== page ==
Before work could really get going, an addition that was put on long after Henry Miller’s time had to torn down.

The modest boardinghouse where Henry Miller and nine other delegates founded the National Brotherhood of Electrical Workers in 1891 is a humming construction site today. But the property just west of downtown St. Louis—on the verge of collapse only months ago—is well on its way to becoming a monument to the IBEW’s founders before the Brotherhood’s 39th International Convention this September.

In mid-January, the Electrical Workers Historical Society, which is building the museum in coordination with St. Louis Local 1, surpassed a significant fundraising milestone, collecting the first $1 million of the $6 million needed to restore and maintain the property to its late 1800s origins. Plans also include a park on the adjacent lot with statues of the linemen founders and granite benches surrounded by a wrought-iron fence.  

“This a great start to our fundraising efforts,” said IBEW International President Lonnie R. Stephenson, who is also chairman of the historical society. “We’re honored that so many local unions and individuals have stepped up to help preserve our history in this way.” Local 1 Business Manager Frank Jacobs said he, too, is humbled by the support and positive feedback he has received from IBEW brothers and sisters across the U.S. and Canada.

Workers begin excavation of below-grade sections of the now hollowed-out Henry Miller Museum.

“It’s been really neat to see all of the families making donations for themselves or honoring parents or grandparents or siblings with an engraved brick or paver,” he said. “We’re really hopeful that this project gets the membership excited to have their names or their loved ones’ names be a part of this museum forever.”

The historical society is offering certificates, commemorative coins and engraved pavers to individual donors and families starting at $25, and has larger items like floor sponsorships, benches, and lineman statues available for larger donation amounts.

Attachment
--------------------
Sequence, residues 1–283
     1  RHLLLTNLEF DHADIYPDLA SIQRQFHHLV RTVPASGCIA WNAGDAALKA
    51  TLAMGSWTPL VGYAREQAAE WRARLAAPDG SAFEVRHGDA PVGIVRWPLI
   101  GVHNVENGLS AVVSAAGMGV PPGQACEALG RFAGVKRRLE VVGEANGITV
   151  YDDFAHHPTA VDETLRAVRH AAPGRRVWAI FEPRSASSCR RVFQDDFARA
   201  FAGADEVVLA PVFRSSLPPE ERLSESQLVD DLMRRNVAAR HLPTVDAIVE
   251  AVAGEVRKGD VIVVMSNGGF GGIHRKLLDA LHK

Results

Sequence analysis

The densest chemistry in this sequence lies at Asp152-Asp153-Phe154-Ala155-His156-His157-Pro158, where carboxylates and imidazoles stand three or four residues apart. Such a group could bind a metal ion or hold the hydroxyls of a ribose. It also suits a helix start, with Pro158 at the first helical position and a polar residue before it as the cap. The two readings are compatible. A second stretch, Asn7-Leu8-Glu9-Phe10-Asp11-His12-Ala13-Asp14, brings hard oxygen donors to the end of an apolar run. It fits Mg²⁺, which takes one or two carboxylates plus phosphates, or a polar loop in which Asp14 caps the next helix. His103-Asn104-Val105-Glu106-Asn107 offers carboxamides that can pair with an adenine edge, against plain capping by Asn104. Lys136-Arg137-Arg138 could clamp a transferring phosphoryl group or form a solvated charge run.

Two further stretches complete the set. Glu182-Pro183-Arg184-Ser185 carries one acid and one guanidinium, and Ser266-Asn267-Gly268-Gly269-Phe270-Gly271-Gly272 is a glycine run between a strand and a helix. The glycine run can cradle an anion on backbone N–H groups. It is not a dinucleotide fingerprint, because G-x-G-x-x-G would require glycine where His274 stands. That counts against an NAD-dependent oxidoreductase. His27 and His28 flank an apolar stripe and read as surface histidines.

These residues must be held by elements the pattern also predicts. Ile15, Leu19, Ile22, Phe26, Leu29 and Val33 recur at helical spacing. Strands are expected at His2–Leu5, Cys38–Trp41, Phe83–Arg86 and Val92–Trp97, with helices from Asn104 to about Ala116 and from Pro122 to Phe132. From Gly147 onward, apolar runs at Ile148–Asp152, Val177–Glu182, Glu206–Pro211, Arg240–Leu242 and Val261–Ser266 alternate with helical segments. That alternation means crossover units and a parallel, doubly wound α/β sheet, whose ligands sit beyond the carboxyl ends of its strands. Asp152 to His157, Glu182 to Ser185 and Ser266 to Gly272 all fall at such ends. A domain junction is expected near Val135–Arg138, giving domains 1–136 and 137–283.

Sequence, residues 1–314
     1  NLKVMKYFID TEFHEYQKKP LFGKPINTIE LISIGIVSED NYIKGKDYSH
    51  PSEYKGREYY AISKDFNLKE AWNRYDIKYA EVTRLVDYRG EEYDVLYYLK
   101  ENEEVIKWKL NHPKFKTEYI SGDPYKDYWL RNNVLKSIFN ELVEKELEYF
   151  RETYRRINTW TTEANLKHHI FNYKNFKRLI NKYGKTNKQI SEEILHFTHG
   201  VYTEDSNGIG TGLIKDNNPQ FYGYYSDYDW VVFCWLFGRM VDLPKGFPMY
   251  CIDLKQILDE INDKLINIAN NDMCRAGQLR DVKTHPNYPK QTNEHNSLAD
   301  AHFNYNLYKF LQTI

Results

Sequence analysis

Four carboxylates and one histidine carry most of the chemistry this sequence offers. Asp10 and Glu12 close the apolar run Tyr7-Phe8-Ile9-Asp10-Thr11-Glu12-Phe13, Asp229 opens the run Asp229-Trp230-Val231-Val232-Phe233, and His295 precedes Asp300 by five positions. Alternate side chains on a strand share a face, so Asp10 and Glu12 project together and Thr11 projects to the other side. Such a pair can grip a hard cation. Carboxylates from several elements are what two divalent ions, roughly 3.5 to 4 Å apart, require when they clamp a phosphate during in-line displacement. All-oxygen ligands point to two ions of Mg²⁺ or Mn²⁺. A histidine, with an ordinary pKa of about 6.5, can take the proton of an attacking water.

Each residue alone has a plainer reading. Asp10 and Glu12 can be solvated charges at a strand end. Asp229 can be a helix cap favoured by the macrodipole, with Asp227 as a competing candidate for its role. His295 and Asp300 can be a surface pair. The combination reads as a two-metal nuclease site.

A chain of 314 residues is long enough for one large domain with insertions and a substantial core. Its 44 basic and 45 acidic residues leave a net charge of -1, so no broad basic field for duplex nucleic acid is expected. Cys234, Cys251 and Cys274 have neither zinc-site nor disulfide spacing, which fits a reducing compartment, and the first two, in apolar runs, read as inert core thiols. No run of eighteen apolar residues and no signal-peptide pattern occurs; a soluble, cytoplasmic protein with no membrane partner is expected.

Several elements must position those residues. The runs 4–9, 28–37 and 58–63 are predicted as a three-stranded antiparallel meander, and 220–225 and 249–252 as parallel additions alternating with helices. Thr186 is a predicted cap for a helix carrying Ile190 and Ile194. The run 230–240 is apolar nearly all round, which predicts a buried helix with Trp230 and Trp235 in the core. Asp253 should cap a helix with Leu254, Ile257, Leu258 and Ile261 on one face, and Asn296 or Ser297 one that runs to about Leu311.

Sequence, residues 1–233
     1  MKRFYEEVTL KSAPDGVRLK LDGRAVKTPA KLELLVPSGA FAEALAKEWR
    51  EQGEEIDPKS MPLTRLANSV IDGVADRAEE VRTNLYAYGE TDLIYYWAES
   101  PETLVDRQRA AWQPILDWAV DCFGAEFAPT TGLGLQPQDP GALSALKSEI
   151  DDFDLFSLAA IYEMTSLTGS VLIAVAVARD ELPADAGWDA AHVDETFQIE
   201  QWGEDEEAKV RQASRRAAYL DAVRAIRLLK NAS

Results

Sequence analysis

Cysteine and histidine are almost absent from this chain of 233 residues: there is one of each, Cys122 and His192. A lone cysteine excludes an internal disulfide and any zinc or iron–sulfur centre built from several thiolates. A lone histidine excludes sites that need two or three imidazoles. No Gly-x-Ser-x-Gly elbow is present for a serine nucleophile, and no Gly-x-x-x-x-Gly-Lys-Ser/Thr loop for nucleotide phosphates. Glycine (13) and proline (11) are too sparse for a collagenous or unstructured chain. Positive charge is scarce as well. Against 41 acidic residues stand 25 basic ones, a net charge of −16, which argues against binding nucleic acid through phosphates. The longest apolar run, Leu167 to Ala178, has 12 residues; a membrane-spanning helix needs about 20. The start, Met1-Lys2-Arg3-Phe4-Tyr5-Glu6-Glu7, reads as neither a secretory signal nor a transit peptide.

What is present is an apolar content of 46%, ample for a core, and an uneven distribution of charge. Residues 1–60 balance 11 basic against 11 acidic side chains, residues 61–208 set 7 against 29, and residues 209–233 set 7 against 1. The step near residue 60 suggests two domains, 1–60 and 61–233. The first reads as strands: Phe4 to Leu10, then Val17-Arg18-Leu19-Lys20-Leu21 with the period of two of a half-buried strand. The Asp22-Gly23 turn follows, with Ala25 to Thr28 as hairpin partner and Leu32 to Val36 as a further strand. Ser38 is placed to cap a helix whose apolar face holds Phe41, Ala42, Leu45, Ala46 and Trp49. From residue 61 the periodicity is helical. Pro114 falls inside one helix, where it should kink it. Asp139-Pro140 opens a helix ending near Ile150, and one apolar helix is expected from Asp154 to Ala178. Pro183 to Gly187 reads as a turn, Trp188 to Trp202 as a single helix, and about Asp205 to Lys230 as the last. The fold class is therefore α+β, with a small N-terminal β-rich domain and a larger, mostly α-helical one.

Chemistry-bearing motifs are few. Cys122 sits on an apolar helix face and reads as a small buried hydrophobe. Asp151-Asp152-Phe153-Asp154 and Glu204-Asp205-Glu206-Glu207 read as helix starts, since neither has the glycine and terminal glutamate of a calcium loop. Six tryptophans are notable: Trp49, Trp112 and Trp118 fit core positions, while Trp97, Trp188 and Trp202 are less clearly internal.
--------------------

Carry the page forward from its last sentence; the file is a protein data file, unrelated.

Dozens of local unions have made generous contributions as well, including six-figure sums from Diamond Bar, Calif., Local 47 and Omaha, Neb., Local 22.

But donations have also come in from individuals coast-to-coast, with contributions from IBEW members in 37 states as well as British Columbia and Ontario.

“I think it’s a testament to how important this brotherhood has been to these people that they’re willing to give so freely to remembering the founders who made it possible,” Stephenson said.

For retired wireman Steve Elliott, it was never a question of whether to give or not, but for whom. “I’ve contributed for myself and in memory of my late father-in-law, Paul E. Botkin,” the Dayton, Ohio, Local 82 member said. “I’ve donated on behalf of my brother-in-law and nephew too. We all owe a lot to the IBEW, and this museum is for the men and women of the rank-and-file.”

Donations, so far, have come from 37 states and British Columbia and Ontario.

Elliott also issued a challenge to his fellow members and retirees across the U.S. and Canada: “Everyone’s situation is different,” he said, “But it’s important that this museum reflects the men and women out there working for a living every day. Every one of us should be able to write a check or go online and give something, anything.”

For members or locals who would like to contribute to preserving the IBEW’s history, visit and click on the ‘Donate’ tab, or mail a check to the Electrical Workers Historical Society, IBEW Local 1, 5850 Elizabeth Ave., St. Louis, Mo., 63110.

And for those curious about the construction process, Local 1 Recording Secretary John Kahrhoff and Henry Miller Museum construction superintendent Dale Roth are hosting daily live video sessions on the social media app Periscope. Follow along by downloading the app onto an iPhone or Android device and searching for the user @IBEWMuseum.

As of the end of January, the three-story building had been nearly gutted while the brick exterior walls have been shored up and repointed with mortar. Special care has been taken to preserve intact parts of the original interior so that they can be reinstalled once the structural work has been completed. Work on grading the site for the Founder’s Park plaza and a parking lot was also underway outside.

“We’re so excited to be able to restore and share this important piece of our history with brothers and sisters across the U.S. and Canada, and we know we couldn’t make it a reality without everyone pitching in. I can’t wait to get inside and see all the amazing work in September,” Stephenson said.

The leaky roof also had to come off. Much of the interior of the building had rotted thanks to years of water damage.
Temporary bracing is installed to support the 3-story brick structure during construction.